Valley oak woodland; 60 to 100 percent canopy cover
Oak Cover/Forestry Assessment:
Oak volume ranges from 2900 to 5100 cubic feet per acre. Estimated ten year growth rate ranges from 220 to 420 cubic feet per acre. Harvest could be carried out to increase individual tree diameter and crown growth rate on areas with less than 30 percent slope and high stem density and small diameter trees. This may help improve acorn production and create conditions favorable for seedling establishment. Seedlings are likely to be absent or very slow growing due to little sunlight reaching the ground. Harvest levels of 420 to 1700 cubic feet per acre can be carried out every 20 years. There is some possibility to utilize harvested trees for solid wood products, such as white oak lumber or barrel staves. It is important to ensure that adequate oak regeneration results after the harvest.
These areas offer good opportunities for habitat for mule and black-tailed deer, western gray squirrel, wild pig, wild turkey, mourning dove, and band-tailed pigeons. On areas with over 30 percent slope, hunter access is too difficult for commercial operations. Thinning stands to 50 percent cover in a patchy pattern may enhance deer habitat if shrub cover is increased. Turkeys do best with a dense canopy, and California quail do best with somewhat less canopy.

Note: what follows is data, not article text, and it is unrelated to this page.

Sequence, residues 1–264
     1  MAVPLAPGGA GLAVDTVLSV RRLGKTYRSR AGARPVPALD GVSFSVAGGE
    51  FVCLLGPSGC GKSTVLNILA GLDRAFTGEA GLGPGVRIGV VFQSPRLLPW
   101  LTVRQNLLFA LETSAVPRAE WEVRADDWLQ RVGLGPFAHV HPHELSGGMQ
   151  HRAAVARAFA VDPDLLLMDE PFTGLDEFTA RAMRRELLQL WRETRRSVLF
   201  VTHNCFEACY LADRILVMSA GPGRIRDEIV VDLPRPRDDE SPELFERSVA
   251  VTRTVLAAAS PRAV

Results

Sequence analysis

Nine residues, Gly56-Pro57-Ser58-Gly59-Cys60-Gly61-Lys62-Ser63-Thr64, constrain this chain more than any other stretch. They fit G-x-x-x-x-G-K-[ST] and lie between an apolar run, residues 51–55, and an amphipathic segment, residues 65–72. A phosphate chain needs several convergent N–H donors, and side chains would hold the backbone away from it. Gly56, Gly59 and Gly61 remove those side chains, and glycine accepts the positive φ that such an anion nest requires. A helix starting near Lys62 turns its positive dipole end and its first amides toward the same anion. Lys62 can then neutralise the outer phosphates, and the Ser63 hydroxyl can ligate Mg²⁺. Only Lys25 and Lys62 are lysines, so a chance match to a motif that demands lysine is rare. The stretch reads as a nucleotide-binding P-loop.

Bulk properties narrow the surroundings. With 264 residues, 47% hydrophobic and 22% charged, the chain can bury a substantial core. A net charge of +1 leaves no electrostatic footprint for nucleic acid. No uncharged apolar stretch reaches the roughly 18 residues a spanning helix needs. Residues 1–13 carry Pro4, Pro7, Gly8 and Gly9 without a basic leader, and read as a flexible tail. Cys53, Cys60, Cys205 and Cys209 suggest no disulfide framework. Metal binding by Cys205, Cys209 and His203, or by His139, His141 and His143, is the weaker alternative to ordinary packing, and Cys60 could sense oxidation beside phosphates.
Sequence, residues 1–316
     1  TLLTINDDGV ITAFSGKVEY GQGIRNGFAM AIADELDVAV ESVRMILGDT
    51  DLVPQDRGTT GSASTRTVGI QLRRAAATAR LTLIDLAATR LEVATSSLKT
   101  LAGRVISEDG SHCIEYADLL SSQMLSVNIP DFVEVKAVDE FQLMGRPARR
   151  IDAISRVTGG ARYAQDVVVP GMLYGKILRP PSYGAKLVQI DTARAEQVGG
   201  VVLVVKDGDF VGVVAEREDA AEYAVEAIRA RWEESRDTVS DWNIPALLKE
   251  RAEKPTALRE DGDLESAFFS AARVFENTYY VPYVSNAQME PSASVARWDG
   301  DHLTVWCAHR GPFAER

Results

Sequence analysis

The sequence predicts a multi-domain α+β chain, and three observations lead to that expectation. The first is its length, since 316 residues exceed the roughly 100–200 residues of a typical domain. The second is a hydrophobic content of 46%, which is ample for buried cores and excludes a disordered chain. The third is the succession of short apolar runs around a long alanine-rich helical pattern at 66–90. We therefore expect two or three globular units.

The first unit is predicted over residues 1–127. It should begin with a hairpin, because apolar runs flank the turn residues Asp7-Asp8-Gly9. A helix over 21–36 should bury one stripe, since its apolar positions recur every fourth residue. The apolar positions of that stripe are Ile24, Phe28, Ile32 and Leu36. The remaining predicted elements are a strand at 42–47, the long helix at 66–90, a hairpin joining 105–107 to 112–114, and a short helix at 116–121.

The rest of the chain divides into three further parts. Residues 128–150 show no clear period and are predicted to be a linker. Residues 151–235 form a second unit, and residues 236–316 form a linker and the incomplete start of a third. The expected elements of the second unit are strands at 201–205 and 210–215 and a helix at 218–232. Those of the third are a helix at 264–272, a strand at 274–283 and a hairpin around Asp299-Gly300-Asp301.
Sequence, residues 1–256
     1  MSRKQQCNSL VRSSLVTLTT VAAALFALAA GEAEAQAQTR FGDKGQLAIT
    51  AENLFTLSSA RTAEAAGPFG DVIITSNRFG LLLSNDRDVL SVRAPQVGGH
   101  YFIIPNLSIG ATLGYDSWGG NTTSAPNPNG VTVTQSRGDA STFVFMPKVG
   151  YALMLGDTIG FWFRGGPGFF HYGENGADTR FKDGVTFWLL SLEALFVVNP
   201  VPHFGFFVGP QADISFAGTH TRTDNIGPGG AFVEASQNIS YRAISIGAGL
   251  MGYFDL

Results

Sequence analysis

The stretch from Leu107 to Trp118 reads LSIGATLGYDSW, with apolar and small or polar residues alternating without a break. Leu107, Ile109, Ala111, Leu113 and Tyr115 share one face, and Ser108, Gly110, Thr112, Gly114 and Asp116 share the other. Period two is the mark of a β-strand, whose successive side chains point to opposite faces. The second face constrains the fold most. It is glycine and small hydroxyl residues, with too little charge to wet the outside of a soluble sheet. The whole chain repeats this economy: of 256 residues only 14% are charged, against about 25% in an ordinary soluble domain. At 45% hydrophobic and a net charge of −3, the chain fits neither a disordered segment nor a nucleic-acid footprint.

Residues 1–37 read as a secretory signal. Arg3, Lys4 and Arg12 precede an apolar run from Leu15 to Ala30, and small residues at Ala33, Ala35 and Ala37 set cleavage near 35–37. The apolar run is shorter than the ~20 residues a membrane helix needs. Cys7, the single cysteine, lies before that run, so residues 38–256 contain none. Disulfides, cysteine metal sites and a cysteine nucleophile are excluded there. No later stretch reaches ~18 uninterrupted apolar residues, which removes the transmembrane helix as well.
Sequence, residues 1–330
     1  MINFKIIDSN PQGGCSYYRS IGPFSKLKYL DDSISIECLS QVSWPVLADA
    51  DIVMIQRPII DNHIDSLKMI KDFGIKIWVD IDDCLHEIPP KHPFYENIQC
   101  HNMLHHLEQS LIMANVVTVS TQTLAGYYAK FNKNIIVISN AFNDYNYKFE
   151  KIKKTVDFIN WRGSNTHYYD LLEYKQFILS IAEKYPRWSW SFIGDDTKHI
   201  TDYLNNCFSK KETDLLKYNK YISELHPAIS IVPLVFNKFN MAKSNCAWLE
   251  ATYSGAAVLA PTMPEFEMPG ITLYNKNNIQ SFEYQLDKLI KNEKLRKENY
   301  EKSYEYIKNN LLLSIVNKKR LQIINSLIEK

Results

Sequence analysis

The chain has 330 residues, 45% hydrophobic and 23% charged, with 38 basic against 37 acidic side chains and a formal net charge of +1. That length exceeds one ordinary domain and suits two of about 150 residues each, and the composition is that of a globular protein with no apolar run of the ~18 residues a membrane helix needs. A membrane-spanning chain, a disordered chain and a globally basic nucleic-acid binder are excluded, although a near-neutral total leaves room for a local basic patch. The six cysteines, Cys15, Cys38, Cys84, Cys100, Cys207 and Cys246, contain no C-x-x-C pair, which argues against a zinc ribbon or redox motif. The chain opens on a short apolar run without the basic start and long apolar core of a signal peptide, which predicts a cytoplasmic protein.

Wildlife Diversity Assessment:
These dense valley oak woodland stands support a large number of wildlife species. The tree density makes these areas undesirable for open grassland species. A few species such as orange-crowned warblers and house wrens, actually prefer the dense conditions found in these stands. The occurrence of more complex habitats, through the presence of habitat elements such riparian zones, snags, trees with cavities, and large woody debris, has an important effect on biodiversity. There are 17 amphibian species, 24 reptile species, 61 mammal species, and 96 bird species which are predicted to occur by CWHR on the most diverse habitats in these stands. If there are no riparian zones or sources of water, no snags or cavity trees, and no large woody debris or brush piles on the site, the number of vertebrate wildlife species predicted to occur on these habitats falls to 8 amphibian species, 22 reptiles, 27 mammals, and 74 bird species. This points to the importance of maintaining diversity in the habitat elements present in the stand to provide for the highest possible diversity of wildlife species. Thinning may enhance biological diversity.
Average forage production capability is 1,200 pounds per acre with a range from 800 to 1,500 pounds. The dense tree cover suppresses forage production, leaving less available for livestock operations. Thinning stands on slopes less than 30 percent will increase forage production under the removed canopy for about 15 years by 50 to 100 percent at lower levels of current production. After tree thinning, improvement potential through seeding, fertilization, and grazing management may increase forage production. Little improvement potential exists on steeper slopes.